The New Year marked the end of the adrenalin rush for investors. Since the summer of 2007, investors around the globe have been hooked on the headlines. The drivers of the markets have been what happened today in the housing market or what Bernanke had to say or who launched what program to rescue who. But that era has now ended. It’s time to turn down the volume on the TV, ignore the latest tweet on the mobile device and look beyond the daily moves in the markets. I believe the financial crisis is over.
At the end of the day, the financial crisis was simply a developed market banking crisis at a gargantuan scale. And the solution, it was clear from the very beginning, was for the policy makers to come to the rescue and aid the deleveraging process for the banks across the globe in all developed markets. The problem has been that the policymakers—politicians and central bankers alike—had been reluctant to take on this imperative as there was no clear near-term upside. Rather, only in a historical context would one be vindicated (unfortunately, the vision to act in accordance with the historical context died with Winston Churchill). In my opinion, no politician or central banker cared much for doing what needed to be done until it became too painful to handle and their hand was forced. The only possible exception to this was of course Bernanke, but even he came kicking and screaming in mid-2008.
The bottom line is that beginning with the Fed in 2008 and ending with the European Central Bank in February 2012, policymakers have finally committed to aiding the deleveraging process, again on a gargantuan scale. Between them, they have printed close to $8 trillion in new money to help the deleveraging process. And they remain committed to do more. Crisis averted.
For investors, it’s now time to move beyond the headlines. This creates a challenge for even the most seasoned of investors, who recently have made a living simply capturing the big market moves. Going forward, generating excess returns will require a lot of hard work, will come in very small quanta, and will require an investor to be proficient at it over and over again. For fixed income managers, it requires a return to a focus on yield and carry, something that has been anathema for the last number of years.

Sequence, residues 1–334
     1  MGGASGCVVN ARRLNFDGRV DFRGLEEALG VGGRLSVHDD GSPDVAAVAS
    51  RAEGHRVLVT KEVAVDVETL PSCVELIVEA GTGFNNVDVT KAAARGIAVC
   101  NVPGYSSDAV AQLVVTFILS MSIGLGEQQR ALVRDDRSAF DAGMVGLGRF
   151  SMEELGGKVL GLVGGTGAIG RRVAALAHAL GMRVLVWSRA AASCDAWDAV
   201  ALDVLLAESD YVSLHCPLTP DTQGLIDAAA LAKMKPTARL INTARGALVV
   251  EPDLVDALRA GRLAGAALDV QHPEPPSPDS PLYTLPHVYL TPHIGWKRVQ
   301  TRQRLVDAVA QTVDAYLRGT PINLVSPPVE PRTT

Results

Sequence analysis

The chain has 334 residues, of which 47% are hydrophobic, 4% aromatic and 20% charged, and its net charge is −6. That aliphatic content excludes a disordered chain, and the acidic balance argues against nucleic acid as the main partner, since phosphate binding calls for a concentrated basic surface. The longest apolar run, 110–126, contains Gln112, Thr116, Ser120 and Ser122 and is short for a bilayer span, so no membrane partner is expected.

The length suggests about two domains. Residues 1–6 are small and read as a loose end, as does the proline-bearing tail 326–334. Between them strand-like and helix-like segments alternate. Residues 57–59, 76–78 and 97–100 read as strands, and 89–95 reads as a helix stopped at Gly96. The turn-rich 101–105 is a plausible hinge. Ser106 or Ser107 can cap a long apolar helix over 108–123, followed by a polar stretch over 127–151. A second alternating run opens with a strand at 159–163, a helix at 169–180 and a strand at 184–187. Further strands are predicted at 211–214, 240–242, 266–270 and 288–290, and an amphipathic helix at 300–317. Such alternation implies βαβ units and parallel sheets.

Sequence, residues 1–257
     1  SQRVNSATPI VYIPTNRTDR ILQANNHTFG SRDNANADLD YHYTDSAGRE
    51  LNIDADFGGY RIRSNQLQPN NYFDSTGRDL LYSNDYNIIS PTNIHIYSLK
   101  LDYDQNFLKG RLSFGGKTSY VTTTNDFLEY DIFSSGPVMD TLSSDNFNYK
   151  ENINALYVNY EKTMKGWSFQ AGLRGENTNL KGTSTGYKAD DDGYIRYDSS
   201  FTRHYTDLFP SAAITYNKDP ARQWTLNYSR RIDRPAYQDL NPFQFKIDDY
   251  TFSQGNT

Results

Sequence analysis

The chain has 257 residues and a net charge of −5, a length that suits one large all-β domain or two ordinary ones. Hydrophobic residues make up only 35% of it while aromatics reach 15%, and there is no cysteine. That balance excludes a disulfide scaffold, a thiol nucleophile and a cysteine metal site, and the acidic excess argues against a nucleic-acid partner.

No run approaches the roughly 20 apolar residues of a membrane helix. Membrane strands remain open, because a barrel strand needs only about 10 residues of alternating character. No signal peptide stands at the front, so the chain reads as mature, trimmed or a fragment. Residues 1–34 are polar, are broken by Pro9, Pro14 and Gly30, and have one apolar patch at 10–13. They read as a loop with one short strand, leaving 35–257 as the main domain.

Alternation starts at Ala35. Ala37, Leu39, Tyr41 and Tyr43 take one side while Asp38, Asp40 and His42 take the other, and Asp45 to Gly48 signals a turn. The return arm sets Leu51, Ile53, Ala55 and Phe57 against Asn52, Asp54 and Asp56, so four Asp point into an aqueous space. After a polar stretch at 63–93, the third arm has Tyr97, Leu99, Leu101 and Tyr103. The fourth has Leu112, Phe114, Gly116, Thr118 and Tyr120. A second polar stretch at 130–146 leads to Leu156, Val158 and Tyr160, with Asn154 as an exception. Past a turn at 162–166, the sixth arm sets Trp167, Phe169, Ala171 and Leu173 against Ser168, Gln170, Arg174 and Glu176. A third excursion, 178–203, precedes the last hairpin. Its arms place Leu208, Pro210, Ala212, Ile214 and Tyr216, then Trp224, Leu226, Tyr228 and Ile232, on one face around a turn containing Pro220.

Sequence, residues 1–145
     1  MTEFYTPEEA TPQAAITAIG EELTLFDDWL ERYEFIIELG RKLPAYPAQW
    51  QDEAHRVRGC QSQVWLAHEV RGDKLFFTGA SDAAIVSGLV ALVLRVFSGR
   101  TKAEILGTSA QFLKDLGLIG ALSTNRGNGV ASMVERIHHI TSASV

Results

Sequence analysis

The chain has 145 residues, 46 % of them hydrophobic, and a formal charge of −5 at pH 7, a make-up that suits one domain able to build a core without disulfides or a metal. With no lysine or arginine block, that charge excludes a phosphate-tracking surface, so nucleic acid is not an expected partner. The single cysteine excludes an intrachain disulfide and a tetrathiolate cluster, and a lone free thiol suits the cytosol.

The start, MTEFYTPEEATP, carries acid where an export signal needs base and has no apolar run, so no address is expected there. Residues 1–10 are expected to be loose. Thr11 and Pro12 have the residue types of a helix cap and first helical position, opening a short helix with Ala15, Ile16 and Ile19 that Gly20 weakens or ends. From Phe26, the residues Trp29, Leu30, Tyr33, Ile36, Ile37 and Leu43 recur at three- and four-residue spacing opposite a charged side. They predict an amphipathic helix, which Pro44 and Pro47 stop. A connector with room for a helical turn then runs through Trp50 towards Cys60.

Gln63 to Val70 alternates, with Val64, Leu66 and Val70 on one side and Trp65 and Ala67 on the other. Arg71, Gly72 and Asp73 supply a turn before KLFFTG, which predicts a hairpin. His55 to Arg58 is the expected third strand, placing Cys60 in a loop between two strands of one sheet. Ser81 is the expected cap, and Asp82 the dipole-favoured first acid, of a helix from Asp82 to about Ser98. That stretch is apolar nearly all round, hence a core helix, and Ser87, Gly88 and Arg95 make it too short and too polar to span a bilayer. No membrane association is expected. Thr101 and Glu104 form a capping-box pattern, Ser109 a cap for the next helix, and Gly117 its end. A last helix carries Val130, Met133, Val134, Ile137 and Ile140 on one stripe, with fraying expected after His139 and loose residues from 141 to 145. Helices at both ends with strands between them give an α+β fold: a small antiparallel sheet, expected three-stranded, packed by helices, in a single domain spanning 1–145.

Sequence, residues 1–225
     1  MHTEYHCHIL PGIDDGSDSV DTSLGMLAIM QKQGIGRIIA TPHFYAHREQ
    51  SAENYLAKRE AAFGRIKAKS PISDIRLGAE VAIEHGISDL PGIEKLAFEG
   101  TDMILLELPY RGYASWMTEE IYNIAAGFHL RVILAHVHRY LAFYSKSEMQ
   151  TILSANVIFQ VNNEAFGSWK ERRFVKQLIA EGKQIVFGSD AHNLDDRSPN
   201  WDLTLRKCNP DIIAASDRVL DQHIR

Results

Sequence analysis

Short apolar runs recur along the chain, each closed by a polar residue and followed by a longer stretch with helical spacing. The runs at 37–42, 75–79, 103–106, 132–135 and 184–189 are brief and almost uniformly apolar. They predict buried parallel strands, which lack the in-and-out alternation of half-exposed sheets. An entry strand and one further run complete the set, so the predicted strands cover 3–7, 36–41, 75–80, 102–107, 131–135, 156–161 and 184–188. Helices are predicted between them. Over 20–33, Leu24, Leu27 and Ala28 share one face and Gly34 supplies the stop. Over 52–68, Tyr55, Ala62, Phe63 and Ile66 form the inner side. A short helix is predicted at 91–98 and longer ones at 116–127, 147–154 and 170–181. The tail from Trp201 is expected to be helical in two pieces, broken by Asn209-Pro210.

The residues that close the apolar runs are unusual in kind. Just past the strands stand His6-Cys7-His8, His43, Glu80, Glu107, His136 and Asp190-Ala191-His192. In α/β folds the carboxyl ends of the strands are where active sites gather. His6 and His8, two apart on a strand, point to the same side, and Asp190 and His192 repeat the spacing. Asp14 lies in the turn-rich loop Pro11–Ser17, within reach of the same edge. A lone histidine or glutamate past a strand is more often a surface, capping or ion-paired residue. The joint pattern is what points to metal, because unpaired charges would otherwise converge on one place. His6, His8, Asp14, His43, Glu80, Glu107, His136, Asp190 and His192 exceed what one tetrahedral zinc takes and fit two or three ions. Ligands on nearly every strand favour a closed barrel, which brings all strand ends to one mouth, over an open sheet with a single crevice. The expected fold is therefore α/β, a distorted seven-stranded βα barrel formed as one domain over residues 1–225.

The real issue is what happens next in economic terms. The natural consequence of a deleveraging process is prolonged slow growth. That is of course unless the economy’s underlying trend growth rate is so high and the policy apparatus is so vigilant that the adjustment takes a short period as they typically do in emerging markets. Alas, in developed market economies we do not have that luxury. The manufactured growth from the leveraging of the banking system (with a great assist from mobile technology-related productivity) will not be repeated. So get used to the current environment. I believe trend growth in the U.S. will be 2%, give or take a half of percent. Fears of a recession will crop up every so often to make things interesting, but other than the periodic soft patches in activity, it will be a relatively boring period. Interest rates are not going anywhere. Financial repression will see to that. Equities, as cheap as they have been to bonds in decades, will likely grind out gains—perhaps a trend appreciation rate of 5% to 6%—but probably nothing more than that. Volatility will of course rear its head from time to time.
Ultimately, a next crisis will emerge but there is nothing to suggest that one is in the offing. In my opinion, it will have all the trappings of past financial crises but will appear from a place that is currently off of investors’ radars. For now, we rejoice in the end of the last battle. In the meantime, investors positioned for the next proverbial shoe to drop in 2012 will likely be disappointed.